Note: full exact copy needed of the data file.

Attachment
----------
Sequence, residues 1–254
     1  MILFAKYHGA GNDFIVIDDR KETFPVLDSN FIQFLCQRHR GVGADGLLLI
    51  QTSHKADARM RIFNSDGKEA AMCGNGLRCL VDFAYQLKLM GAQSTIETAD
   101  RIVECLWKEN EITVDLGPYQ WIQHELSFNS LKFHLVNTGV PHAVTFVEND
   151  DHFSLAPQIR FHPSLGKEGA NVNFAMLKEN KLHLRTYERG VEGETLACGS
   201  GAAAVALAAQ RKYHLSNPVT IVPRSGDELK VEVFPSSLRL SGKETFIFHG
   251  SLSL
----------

Sequence, residues 1–254
     1  MILFAKYHGA GNDFIVIDDR KETFPVLDSN FIQFLCQRHR GVGADGLLLI
    51  QTSHKADARM RIFNSDGKEA AMCGNGLRCL VDFAYQLKLM GAQSTIETAD
   101  RIVECLWKEN EITVDLGPYQ WIQHELSFNS LKFHLVNTGV PHAVTFVEND
   151  DHFSLAPQIR FHPSLGKEGA NVNFAMLKEN KLHLRTYERG VEGETLACGS
   201  GAAAVALAAQ RKYHLSNPVT IVPRSGDELK VEVFPSSLRL SGKETFIFHG
   251  SLSL